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Steiner, R. (1995). Hermeneutics Or Hermes-Mess?. Int. J. Psycho-Anal., 76:435-445.
(1995). International Journal of Psycho-Analysis, 76:435-445
Hermeneutics Or Hermes-Mess?
I have been asked to consider some aspects of the present state of the link between psychoanalysis and hermeneutics, to do so succinctly and to express my personal view. This is as well, since the task of condensing into a few paragraphs what is in fact a large portion of Western thought with a substantial literature, mainly in German, dating back four or five hundred years, would be quite beyond me. Even a review of the main strands in the work of psychoanalysts such as Thomä, Kaechele, Schafer and Spence, among many others, and their use of the hermeneutical tradition in the work of Schleiermacher, Dilthey, Heidegger, Gadamer, Habermas, Ricoeur and others, is much beyond my scope (Steiner, 1992). Instead I shall concentrate on a few of what I think are now the core issues.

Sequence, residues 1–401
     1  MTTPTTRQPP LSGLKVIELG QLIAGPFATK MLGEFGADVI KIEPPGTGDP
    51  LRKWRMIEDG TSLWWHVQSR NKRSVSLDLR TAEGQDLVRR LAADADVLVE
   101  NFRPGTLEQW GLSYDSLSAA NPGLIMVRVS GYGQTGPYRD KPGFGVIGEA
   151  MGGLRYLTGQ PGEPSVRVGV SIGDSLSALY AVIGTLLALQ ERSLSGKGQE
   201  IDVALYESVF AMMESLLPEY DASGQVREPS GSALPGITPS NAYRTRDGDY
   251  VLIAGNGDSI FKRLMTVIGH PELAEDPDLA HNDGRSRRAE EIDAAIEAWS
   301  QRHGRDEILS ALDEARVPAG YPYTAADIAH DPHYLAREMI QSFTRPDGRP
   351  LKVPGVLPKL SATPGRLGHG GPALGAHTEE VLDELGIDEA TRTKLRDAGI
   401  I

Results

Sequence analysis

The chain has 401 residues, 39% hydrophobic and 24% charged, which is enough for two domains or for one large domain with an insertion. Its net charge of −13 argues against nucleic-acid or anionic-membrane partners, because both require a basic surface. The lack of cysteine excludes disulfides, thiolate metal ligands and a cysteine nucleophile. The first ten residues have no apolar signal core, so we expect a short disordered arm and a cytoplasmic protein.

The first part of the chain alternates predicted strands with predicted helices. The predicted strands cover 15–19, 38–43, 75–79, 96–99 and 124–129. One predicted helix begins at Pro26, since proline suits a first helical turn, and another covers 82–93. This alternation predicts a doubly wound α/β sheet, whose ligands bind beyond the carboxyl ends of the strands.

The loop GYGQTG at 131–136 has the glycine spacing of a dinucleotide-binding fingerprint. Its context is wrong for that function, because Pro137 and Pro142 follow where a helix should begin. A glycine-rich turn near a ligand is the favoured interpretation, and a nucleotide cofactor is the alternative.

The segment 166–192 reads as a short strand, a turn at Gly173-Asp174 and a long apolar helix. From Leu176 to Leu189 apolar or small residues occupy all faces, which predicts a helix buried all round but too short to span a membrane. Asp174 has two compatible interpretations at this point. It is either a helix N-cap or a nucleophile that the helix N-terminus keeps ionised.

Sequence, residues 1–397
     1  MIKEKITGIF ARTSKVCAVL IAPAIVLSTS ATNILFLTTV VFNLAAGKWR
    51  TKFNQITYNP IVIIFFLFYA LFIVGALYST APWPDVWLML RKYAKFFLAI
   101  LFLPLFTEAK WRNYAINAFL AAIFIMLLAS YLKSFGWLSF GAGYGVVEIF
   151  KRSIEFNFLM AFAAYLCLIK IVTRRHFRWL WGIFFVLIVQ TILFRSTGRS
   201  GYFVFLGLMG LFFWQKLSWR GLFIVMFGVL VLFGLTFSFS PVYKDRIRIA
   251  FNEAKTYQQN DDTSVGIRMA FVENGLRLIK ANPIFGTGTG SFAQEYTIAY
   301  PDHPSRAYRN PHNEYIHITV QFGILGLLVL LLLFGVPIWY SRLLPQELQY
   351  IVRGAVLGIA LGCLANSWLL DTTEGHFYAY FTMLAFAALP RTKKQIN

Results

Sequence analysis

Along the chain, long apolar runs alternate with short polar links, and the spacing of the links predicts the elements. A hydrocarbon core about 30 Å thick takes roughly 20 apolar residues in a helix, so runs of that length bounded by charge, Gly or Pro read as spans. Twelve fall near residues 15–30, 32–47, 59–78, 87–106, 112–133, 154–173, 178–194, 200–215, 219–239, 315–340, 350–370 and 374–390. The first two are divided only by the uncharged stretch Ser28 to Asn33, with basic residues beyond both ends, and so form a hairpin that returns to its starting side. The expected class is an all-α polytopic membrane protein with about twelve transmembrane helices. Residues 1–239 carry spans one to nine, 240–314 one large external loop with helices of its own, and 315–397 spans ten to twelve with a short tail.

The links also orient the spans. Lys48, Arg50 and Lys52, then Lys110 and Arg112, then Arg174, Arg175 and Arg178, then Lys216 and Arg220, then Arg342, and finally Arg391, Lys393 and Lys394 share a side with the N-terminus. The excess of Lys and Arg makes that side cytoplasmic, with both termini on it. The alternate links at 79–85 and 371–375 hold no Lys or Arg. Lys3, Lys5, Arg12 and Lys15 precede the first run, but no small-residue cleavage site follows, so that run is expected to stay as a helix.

Sources and context
First, drawing on an unpublished paper (Steiner, 1992), I want to raise the question of the use of sources and the implications of applying ideas developed in one context in one discipline to the understanding of another context in another discipline, as for example in the application of hermeneutics to psychoanalysis in the work of Schafer (1978, 1983, 1993) and Spence (1982, 1987, 1994).
Inevitably, when selecting ideas from one field, it is difficult to be completely aware of the context in which those ideas have been developed or of the context in which one's own ideas will later be used. Bearing in mind the debate that is going on in psychoanalysis concerning hermeneutics, particularly in America, therefore, it is significant to note that none of the major contributors have yet been aware of a very important debate which took place between Gadamer and Habermas (1973) on the very subject of psychoanalysis itself, then available only in German (Warnke, 1987).
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